A gold for Donegal at the Paris 1900 Olympics


HOLD THE BACK PAGE:It’s unlikely that there are all that many people out there who know that the captain of the 1924 Irish Olympic water polo team was the uncle of Samuel Beckett.

Dr Tom Hunt, a sports historian from Waterford, is one of them, but being the uncle of Irish football internationals Stephen and Noel, he’s not unfamiliar with distinguished nephews.

Armed with that level of knowledge, Hunt was commissioned to write the official history of the Olympic Council of Ireland, a project he hopes to complete in the next few months.

Just when he thought his work was nearly done, though, and he had written about every Irish-born medallist through the years, regardless of which country they represented, Hunt came upon a reference to a rower who was a member of the United States team that won gold in the eights at the 1900 Paris Olympics.

Born in Donegal

The place of birth given for William John Carr was Donegal.

Time, then, for some sleuthing, and with the help of journalist Cronan Scanlon, who wrote about the story in the Donegal News earlier this month, Hunt was able to confirm that Carr was, indeed, a Donegal man, born in Gortnagrace, near Castlefin, in June 1876, and died in March 1942 in Philadelphia.

Another Irish gold medal, then – even if it was won for the United States.

“The direct response to the Donegal News article and a bit of work by Cronan, who sent out the initial SOS for me, provided the definite confirmation that he was Donegal-born,” Hunt told us when we asked him for an update on his detective work this week.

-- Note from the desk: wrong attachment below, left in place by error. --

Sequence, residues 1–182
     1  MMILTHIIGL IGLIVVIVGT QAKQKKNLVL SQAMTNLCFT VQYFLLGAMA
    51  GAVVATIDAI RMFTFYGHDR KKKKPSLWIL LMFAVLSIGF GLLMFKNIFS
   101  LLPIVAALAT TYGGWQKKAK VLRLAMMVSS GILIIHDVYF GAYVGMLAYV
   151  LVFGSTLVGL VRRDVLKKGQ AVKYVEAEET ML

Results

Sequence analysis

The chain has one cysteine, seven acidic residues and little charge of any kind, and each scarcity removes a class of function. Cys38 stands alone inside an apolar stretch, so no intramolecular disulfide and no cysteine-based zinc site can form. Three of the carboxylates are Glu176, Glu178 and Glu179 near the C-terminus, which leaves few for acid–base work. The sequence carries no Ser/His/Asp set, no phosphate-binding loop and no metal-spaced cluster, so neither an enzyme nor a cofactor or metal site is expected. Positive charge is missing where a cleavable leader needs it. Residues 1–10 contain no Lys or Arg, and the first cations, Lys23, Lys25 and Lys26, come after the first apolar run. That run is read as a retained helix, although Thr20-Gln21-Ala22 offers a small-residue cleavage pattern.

Carr was a member of the famous Vesper Boat Club in Philadelphia, as were all his 1900 team-mates, the club’s most well known member John B Kelly, father of Princess Grace of Monaco and a triple Olympic gold medal winner.

“The New York Times reported that ‘members of the 1900 crew had taken on considerable flesh during the journey’,” said Hunt, “and the coach was Patrick Dempsey – who was hardly unfamiliar with Ireland.

Regardless of the excess flesh, the American crew had an easy victory in Paris.

In Philadelphia

“I don’t think I’m going to find out much more about Bill Carr. I spoke to his grandson in Philadelphia, who remembered him, but he didn’t know much about his background. His occupation was a carpenter, he told me.”

With the assistance of Scanlon and ancestry.com, Hunt established that Carr was the son of Robert Edmund McIlcar of Gortnagrace and Jane Doran of Alt, also near Castlefin.

And more sleuthing, with the help of our old friend Google, takes you to Ulsterancestry.comwhere a descendant of McIlcar says he “anglicised his name to Carr in 1875 and emigrated to Philadelphia by 1881”, when William was just five.

So, from Gortnagrace to Olympic gold in Paris via Philadelphia – it’s an extraordinary tale.

There’s more

And Hunt has found another one: “A Mike Kelly from Galway who won two gold medals with the USA team in 1920 in rapid fire pistol shooting! There are a few ‘undocumented’ Irish-born medal winners out there,” he said.

Hunt is trying to get more information on Kelly’s story, so if you know anything you can contact him at tomhunt94@gmail.com.

At the rate his sleuthing is going, we could be top of the Olympic medals table yet.

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